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The New Smithsonian Book of Comic Book Stories: From Crumb to Clowes
by Bob Callahan
A panorama of some of the most creative and subversive art of our times, this one-of-a-kind anthology celebrates the artistry and insight of comic book art, graphic novels, and graphic journalism from the 1960s to the present. Classics such as R. Crumb's I Remember the Sixties, Stan Lee and Steve Ditko's Spider-Man saga “The Final Chapter,” and Dan Clowes's Caricature are ...more
Hardcover, 400 pages
Published October 17th 2004 by Smithsonian Books
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Unlike the “Best American Comics” series, the Smithsonian did a much better job at separating the wheat from the chaff. I for one was very pleased to see Jim Woodring’s “Frank” featured prominently here. Not being a follower of the superhero genre, I skimmed over much of that section—although a very interesting early-60’s adventure of the Fantastic Four depicted a way in which comics could crusade for social betterment, as the crew battles a hooded bigot named “The Hatemonger.”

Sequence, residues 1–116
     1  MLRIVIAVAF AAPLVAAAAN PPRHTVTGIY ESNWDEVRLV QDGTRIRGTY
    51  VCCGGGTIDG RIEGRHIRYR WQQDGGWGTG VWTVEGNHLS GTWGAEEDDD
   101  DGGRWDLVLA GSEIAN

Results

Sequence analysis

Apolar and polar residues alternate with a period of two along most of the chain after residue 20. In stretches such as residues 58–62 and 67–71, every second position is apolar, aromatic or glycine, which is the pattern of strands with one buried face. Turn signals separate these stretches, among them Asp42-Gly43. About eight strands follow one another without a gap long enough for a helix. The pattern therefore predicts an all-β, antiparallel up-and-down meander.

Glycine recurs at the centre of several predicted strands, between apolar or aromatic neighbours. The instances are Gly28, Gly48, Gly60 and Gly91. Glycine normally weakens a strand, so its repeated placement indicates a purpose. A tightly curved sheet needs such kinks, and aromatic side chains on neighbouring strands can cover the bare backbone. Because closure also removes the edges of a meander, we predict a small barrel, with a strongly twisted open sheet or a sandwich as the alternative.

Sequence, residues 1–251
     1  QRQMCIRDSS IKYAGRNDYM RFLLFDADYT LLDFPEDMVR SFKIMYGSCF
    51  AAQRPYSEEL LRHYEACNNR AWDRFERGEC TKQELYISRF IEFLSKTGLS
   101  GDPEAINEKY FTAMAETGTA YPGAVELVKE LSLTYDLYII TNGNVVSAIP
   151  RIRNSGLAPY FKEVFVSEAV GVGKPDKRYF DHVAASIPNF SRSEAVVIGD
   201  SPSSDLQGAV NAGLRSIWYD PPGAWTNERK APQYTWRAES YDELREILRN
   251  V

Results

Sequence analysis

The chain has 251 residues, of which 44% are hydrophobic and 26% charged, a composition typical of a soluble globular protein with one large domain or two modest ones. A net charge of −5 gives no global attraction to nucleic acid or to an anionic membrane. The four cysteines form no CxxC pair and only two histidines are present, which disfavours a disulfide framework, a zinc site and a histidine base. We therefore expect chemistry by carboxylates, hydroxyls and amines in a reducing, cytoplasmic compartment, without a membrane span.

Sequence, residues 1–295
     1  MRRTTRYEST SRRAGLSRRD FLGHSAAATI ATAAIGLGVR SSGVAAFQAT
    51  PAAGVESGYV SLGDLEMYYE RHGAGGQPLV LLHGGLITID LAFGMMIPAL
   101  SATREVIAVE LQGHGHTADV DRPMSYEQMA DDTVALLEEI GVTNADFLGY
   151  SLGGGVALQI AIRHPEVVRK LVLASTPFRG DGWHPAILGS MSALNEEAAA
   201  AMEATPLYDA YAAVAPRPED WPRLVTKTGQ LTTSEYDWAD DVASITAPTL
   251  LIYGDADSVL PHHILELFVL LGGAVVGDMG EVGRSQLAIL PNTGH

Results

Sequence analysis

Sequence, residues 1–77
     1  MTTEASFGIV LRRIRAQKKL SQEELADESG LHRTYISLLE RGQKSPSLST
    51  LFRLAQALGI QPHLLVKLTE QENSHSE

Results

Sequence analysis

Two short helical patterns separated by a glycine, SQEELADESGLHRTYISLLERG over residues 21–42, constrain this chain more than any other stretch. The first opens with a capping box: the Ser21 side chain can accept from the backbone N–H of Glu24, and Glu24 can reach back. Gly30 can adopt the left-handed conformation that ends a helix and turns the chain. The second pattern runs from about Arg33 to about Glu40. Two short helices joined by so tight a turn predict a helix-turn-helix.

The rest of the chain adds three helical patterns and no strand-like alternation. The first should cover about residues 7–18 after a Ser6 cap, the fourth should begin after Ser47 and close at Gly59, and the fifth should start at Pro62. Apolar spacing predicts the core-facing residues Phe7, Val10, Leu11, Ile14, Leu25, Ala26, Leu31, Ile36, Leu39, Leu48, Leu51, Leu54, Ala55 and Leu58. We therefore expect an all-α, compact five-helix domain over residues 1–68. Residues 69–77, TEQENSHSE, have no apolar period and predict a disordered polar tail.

This book had such potential but I felt it fell short in a few important ways. The Crumb piece was a reflection on the underground comix movement rather than a piece from the underground comix movement. That The Sandman: A Midsummer Night's Dream was reproduced in black and white was a huge letdown as that issue was so important and Vess' artwork was so beautiful.